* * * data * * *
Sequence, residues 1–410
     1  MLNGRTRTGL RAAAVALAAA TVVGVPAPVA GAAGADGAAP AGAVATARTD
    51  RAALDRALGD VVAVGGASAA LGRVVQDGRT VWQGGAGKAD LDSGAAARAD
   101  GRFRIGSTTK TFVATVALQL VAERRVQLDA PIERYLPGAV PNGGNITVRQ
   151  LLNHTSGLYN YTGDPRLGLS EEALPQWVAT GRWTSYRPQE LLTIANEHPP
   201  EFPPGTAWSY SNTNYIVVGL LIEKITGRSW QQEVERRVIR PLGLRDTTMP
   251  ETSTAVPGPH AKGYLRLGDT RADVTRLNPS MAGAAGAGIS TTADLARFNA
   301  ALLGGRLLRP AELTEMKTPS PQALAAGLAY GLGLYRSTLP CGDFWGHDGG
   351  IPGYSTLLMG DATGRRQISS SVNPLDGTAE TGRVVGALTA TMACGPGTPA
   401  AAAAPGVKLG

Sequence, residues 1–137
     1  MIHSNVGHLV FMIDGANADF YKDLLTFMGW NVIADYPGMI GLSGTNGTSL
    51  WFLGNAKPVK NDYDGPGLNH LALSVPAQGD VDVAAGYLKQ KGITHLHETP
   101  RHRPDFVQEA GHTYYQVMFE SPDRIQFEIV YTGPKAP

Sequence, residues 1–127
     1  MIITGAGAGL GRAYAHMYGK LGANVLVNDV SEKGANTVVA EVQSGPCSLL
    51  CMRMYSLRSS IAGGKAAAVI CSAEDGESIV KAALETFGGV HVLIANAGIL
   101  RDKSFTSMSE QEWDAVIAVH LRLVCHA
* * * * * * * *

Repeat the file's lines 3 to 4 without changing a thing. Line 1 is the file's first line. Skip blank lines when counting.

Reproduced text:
    51  RAALDRALGD VVAVGGASAA LGRVVQDGRT VWQGGAGKAD LDSGAAARAD
   101  GRFRIGSTTK TFVATVALQL VAERRVQLDA PIERYLPGAV PNGGNITVRQ